“Misguided Helper” is the name one very wise person gave to that tendency we all have at times to react in a way that is intended to protect us from pain, but only causes further suffering.
We’ll call her MH for short. She means well and she’s doing her best, but there comes a time for many of us that we begin to realize she is no longer really serving us – if she ever did.
MH is concerned for our safety, happiness and wellbeing, but her choices and actions tend to shrink our worlds. She closes us off to opportunities in her hyper-vigilance to danger. She rigidly favors doubt over trust. She distracts and self-medicates us against life’s difficulties, making it more difficult for us to respond effectively. She criticizes and berates us in an effort to motivate us to be better. She ruminates on the perceived mistakes of the past and possible future catastrophes to try to prevent bad things from happening to us. She believes she can know the hearts of others, judging and categorizing them in attempt to shore us up and prevent us from being hurt. Ultimately she sacrifices love and vitality for the illusion of safety, diminishing our capacity to experience joy.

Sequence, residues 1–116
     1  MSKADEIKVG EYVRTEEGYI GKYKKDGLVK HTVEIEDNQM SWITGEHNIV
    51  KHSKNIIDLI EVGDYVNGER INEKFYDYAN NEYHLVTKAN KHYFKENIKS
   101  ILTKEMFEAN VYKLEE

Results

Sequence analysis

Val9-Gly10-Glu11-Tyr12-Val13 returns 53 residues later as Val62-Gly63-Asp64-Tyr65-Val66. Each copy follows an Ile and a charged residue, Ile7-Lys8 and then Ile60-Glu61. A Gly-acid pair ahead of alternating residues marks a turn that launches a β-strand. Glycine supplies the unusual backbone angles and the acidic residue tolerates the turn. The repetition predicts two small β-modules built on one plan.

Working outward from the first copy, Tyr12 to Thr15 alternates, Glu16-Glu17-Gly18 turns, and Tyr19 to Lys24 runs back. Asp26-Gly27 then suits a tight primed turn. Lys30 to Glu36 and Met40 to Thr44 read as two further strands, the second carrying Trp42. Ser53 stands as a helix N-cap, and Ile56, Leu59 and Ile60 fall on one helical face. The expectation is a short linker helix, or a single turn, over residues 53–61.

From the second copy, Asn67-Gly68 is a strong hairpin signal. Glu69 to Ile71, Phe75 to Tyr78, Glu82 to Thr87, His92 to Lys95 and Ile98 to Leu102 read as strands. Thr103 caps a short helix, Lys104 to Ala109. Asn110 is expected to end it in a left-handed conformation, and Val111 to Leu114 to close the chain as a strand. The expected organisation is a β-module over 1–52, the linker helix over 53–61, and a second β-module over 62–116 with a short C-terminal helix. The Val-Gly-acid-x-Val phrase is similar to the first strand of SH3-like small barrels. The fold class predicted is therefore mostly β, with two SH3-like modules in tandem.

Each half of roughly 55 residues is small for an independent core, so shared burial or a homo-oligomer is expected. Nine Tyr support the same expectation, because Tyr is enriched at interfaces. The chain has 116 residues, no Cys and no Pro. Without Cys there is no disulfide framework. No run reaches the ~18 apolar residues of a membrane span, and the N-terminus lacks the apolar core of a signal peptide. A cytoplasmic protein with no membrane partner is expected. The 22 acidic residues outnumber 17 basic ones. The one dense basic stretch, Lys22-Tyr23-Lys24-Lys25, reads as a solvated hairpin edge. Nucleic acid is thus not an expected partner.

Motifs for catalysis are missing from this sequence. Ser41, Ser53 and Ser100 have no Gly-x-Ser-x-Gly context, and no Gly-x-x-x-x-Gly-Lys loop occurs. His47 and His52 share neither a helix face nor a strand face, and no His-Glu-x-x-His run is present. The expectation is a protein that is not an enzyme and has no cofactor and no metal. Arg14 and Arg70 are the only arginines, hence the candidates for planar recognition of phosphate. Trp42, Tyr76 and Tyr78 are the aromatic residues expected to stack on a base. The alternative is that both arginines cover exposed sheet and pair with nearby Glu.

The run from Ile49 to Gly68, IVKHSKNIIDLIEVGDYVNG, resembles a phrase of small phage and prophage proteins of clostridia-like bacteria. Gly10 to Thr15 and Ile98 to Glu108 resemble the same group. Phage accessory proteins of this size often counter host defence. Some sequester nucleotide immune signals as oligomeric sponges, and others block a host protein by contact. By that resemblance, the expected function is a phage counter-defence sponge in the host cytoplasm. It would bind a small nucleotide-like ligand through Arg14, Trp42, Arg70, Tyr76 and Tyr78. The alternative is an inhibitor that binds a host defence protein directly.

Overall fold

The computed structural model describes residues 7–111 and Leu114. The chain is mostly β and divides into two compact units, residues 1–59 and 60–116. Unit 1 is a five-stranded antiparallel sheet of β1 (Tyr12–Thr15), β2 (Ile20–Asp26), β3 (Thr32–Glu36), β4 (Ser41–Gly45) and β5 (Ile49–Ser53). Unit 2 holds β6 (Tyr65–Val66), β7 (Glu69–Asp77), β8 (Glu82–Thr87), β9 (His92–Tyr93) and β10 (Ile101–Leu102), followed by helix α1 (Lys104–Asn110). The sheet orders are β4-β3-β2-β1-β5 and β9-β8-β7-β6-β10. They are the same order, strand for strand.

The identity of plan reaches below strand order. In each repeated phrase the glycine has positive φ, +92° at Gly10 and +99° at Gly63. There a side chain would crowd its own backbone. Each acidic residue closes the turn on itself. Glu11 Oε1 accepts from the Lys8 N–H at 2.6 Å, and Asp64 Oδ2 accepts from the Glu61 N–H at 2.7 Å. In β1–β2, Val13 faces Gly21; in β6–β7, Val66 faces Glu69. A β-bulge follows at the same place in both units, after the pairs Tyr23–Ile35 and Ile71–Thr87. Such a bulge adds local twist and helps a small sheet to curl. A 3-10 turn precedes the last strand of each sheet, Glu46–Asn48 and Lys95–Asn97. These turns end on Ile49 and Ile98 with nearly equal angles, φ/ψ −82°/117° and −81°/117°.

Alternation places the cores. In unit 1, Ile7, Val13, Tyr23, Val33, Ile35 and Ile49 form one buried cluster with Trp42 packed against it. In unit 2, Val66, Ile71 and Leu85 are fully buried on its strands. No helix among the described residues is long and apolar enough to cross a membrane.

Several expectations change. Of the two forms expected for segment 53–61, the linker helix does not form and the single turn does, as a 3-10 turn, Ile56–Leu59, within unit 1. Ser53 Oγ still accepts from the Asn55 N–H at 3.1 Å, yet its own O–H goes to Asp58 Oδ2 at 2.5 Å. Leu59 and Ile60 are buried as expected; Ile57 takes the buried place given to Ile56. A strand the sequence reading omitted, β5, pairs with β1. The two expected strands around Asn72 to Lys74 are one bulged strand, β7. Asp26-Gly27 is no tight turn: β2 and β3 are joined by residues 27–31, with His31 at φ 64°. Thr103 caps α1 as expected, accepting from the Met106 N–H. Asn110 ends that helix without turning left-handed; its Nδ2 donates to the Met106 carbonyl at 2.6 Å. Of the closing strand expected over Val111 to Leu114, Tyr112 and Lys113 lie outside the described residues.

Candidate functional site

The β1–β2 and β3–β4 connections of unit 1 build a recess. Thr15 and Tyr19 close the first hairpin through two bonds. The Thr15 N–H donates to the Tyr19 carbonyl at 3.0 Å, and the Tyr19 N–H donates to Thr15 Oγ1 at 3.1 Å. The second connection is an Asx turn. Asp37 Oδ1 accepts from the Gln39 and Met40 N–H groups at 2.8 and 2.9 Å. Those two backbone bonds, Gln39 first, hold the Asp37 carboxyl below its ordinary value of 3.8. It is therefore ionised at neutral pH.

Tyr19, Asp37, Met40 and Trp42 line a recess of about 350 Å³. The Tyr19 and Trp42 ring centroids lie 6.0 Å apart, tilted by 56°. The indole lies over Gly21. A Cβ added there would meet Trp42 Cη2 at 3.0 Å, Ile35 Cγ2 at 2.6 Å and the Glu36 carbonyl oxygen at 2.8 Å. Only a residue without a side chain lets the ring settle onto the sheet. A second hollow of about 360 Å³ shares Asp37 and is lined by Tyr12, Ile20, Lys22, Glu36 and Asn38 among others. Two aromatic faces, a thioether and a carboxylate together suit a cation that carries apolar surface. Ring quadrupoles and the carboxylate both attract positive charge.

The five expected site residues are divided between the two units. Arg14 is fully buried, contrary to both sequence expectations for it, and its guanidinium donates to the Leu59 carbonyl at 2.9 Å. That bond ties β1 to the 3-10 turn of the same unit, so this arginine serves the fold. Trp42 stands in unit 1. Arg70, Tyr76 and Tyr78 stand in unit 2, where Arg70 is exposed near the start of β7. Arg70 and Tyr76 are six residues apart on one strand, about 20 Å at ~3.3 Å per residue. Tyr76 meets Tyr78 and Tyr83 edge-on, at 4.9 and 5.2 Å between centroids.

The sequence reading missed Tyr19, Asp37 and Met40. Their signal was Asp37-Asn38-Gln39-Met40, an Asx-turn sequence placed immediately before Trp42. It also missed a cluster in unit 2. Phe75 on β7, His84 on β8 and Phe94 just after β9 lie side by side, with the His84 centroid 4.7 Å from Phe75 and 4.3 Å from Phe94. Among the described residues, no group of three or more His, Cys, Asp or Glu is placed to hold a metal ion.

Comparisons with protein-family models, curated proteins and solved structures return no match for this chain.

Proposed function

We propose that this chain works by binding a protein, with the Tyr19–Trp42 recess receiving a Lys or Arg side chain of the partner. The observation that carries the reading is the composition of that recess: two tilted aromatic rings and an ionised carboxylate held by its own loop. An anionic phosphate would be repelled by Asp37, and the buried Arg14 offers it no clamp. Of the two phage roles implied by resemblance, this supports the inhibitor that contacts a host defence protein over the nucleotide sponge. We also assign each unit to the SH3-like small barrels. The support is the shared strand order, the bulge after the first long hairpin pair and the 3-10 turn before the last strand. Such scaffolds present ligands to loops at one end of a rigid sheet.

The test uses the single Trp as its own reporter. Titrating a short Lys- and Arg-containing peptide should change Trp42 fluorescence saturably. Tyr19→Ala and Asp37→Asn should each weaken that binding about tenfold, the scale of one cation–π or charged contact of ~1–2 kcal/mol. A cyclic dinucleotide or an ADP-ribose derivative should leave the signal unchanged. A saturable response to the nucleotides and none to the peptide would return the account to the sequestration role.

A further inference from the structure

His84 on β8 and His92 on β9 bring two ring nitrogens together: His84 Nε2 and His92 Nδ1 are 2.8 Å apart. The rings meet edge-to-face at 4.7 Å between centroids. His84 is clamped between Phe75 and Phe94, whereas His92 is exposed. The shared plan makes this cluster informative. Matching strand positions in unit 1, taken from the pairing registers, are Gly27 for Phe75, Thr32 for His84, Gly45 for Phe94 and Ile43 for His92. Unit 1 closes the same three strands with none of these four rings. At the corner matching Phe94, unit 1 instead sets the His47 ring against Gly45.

We can reserve a warm place in our hearts for MH, while declining to indulge in her troublesome habits. This takes awareness, openness, willingness, patience and persistence – the very opposite of MH’s inclinations. We have to develop the courage to resist her superstitious behavior so we can see things as they really are. In this way, we can begin to break out of outdated or rigid response patterns and make wise choices based on facts, rather than purely on emotion. So, the next time you notice MH making her appearance, give her a warm hug, thank her for her good intentions, and let her know you will be taking the lead instead.
If you’d like to learn how to recognize, embrace and release your Misguided Helper, you might consider taking a Mindful-Self Compassion (MSC) course. MSC is an 8-week program that teaches participants skills needed for greater awareness in the present moment of their own distress or suffering so they can respond with kindness and wisdom. Research is showing that self-compassion is correlated with greater happiness and wellbeing, decreased anxiety and depression. I occasionally co-teach this course in partnership with the Midwest Alliance for Mindfulness.